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Monday, August 28, 2006

A short story read by Stephen Hawking


We don't know how he did it, but Steve Moran from the local Spare Monkeys pub quiz team, has acquired a recording of the great Stephen Hawking reading one of his (Steve's) short stories, which we now present for your edification. Panic (5.6 mb, wav)


Dr Gerald Francis (ret'd) said...

My word, that's quite a coup. I would love to hear him read The Burial of The Dead from The Waste Land.

Prof. Helmut Kronk (Science Correspondent) said...

I mentioned it to the Professor, while I was interviewing him about his new theory that effects are responsible for causes, and he showed off by reciting it from memory! And here is the result.

dr gerald francis (ret'd) said...

In my pamphlet Proctology and the Prostate in the Quadraplegic I happened to mention my acquaintance with a young lady who had some penetrating knowledge of what she called "the sexiness of the Professor."

She said that it was a treat beyond compare "to hear Molly Bloom's filth drip from his lips". Being something of what I believe is known as 'a literalist' I had previously assumed she was insinuating, for reasons best known to herself, that the Professor was somehow interested in coprophilia and that she meant, quite literally, that she loved the sound of filth dripping from his lips and thudding to the floor. Now I see that she was aware of the professor's readings of the great literatures of the world.

Though, by confessing this of course I am not saying for one moment that coprophilia is necessarily an aberration. I think we in the medical profession no longer believe in "aberrations". We no longer believe as did the ranks of "Dear Marge" and "Dear Katie" that an interest in things other than uniting face to face and horizontally with our wives in the dark is necessarily perverse and an indication of psychosexual crisis. In that respect we are the ultimate post-modernists.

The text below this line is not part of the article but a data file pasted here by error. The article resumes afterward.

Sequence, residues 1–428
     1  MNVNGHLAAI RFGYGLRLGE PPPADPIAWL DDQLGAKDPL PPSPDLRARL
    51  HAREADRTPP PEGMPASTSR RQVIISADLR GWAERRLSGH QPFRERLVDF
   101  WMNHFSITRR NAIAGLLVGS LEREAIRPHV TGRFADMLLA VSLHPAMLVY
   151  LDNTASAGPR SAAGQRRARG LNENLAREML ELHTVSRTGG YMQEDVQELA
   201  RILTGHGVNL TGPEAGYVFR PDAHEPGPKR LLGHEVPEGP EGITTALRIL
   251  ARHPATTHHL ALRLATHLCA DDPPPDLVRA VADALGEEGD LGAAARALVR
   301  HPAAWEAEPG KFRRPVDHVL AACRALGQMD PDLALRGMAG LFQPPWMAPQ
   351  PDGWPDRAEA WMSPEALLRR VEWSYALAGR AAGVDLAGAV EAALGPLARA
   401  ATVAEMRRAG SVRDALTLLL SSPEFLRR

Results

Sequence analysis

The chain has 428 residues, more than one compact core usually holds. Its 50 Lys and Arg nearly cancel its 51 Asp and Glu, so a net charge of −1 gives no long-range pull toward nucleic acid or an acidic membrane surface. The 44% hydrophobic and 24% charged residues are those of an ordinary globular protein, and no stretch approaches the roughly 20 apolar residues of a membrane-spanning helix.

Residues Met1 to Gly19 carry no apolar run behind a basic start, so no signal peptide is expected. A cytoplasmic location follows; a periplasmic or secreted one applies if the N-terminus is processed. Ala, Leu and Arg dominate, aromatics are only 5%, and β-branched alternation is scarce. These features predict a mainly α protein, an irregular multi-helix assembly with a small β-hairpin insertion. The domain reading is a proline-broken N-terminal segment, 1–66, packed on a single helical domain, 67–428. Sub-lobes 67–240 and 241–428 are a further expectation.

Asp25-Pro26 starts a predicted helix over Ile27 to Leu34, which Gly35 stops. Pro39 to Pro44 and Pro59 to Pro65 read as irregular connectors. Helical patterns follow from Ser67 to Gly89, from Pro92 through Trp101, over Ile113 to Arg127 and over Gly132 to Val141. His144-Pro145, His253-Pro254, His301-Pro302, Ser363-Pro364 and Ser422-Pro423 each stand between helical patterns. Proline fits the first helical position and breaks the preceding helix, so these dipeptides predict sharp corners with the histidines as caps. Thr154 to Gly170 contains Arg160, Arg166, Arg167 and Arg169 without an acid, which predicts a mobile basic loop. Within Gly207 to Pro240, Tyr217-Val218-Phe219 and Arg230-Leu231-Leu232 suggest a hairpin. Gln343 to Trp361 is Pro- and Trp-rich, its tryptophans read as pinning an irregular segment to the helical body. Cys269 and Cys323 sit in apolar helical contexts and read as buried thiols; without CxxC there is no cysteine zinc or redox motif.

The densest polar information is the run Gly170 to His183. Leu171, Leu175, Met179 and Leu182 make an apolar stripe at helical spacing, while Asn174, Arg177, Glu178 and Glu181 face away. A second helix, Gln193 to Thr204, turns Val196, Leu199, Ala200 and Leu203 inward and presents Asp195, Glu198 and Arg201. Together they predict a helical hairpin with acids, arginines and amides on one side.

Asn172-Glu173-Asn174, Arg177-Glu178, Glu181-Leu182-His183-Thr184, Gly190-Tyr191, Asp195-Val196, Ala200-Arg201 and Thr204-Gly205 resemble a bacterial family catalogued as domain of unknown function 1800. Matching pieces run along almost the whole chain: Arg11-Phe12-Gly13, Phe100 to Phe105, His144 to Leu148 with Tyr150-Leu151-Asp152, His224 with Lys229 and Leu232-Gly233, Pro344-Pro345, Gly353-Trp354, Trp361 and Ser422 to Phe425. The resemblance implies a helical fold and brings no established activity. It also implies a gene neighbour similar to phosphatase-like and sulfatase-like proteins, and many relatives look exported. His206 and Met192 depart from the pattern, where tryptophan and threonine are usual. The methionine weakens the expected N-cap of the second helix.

My dear wife Evadne is very much taken with the poetry of the late Constantine Cavafy. She is not at all keen on translations but one of her favourite poems of his I believe relates to our profession as much as it does to artists and other imbibers of knowledge, and I will need to quote from a translation to make my point. No doubt the good and learned Professor will be acquainted with it.

"I went to secret rooms
considered shameful even to give name to.
But not shameful to me, because if they were,
what kind of poet, what kind of artist,
would I be?"


Evadne Seferis-Francis said...

Gerald neglected to mention that the extract he quotes is from the poem "And I lounged and lay on their beds" which is dated Septemeber 1915.

I brought the poem to my husband's notice since Gerald's specialism in proctology chimed with Cavafy's 'secret rooms'

Simon Moribund (assistant chief nerd) said...

Many thanks to Stephen Hawking for his excellent reading, and also for his popular novels, and not least his wonderfully atmospheric short stories. How he manages to combine bestselling thriller writing in fiction with Cosmological Physics breakthroughs and publications I just don't know. And then for him to help a struggling local newspaper as well, all I can say is the man is a brick. Apparently, he also provides the voice for Adobe Reader 6.0, so it just goes to show, if you want something doing ask the busiest person.